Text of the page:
Levitan, Kuinji and, in a different way, Aivazovskiy painted water with a peculiarly Russian eye. They are as it happens painters of the second half of the nineteenth century and the early twentieth century. One of the reasons Russian paintings of waterscapes and landscapes are of a relatively late date is that from the beginning of the eighteenth century Peter the Great and almost all of his successors in that century forced the Old Russia into a western mindset. Russian art was entirely derivative of European models and at first largely filtered by a Prussian vision, because Peter had brought in masters from Germany to teach aspiring Russian artists the ways of the West. As a result, the nation's artists were encouraged to think of themselves as part of the European mainstream, and were given grants to live, observe and paint abroad for long periods of time. But at the beginning of the nineteenth century, with a new western interest in landscape and landscape painting, Russian artists began to both value and encourage the painting of nature, mountains and water.
At first this was landscape viewed through the filters of a western-trained eye and consisted mostly of idyllic European scenery. But by the end of the century, Russian painting of water and land had become to do with the Russian landscape and identifiably took on a uniquely Russian character.
What was it about Russia itself that focused the attention of so many of its painters on water?
The country has the Pacific Ocean to the far east, and to the west is the Baltic Sea, with its gateway Saint Petersburg and the naval port of Kronstadt. South is the warm Black Sea and the Caspian Sea, with their resorts and trading ports fed by the great, broad waterway of the River Volga, which bisects the country into the East and West Empire. To the north, beyond the great wastes of the Siberian tundra, are the cold seas that form the mostly frozen Arctic Ocean.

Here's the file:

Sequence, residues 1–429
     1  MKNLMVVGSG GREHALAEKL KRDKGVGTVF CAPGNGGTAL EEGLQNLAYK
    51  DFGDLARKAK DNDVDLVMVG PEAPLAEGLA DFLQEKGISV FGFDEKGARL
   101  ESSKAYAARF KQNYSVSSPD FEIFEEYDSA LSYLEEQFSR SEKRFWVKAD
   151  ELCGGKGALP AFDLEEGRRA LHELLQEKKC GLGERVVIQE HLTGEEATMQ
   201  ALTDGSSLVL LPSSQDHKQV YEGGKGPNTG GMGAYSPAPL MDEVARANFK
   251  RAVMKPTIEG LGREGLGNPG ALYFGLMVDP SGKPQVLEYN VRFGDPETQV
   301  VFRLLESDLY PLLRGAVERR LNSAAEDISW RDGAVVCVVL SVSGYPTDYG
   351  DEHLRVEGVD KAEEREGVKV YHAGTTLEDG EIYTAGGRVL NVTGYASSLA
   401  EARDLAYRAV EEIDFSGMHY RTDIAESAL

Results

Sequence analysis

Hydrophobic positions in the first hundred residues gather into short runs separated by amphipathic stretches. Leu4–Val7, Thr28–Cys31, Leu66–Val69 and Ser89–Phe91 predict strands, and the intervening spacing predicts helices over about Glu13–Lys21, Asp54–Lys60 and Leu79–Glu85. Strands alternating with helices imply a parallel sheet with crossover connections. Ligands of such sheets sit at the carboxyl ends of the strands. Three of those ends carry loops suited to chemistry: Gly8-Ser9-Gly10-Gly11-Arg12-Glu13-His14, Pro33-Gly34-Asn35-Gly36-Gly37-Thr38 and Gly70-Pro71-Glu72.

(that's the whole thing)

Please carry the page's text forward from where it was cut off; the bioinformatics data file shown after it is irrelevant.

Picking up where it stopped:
Russia is geographically defined by its water in all of its three physical states: vapour, liquid and translucent solid. The brutality, manic depression, melancholy and gloom, which in many ways seem to typify the Russian national character, surely stem from a collective agoraphobia engendered by the country's grim winter climate of rain, mists, fogs, snow and ice. This is of course an oversimplification, for the south of Russia has a relatively equable climate - as the paintings of Aivazovskiy, who spent most of his life in the Crimea, nicely demonstrate. And the spring, summer and autumn could be delightful, as many of the painters of the late nineteenth century discovered.
But people need stereotypes, and the image of Russia held by foreigners and Russians alike has largely been of melancholy, tragedy and callous rawness among those frozen rivers, damp, fog-bound cities and ice-locked seas.
Even before Peter the Great built his new capital on the Neva, Russia's rivers, lakes and seas had formed a crucial transport network for the pastoral and often nomadic Russian people. In the late nineteenth century, Russia was not only a huge country, but still an essentially rural empire in which the boundless forests and plains were crisscrossed by streams, rivers and lakes which were ever mobile. They changed shape and colour as the seasons changed. Indeed there is a Russian Orthodox ceremony known as The Consecration of the Waters at Epiphany. The Volga, one of a group of great continental Russian rivers, is not merely an extremely long and broad waterway. It holds a special place for Russians as a massive artery that feeds the country's very heart, ranging from the wintry extremes of the north to the soft pleasures and seas of the south.
So Levitan, Kuinji, Aivazovskiy, Arkhipov and Repin, to name but a few of the great Russian painters of water, were not only celebrating a major feature of the visible landscape they knew, loved and so obsessively painted but were also celebrating an incredible gamut of emotions and moods. These range from stark terror to peaceful tranquillity, from deep sorrow to exalted musing, and from delightful contentment to uneasy foreboding.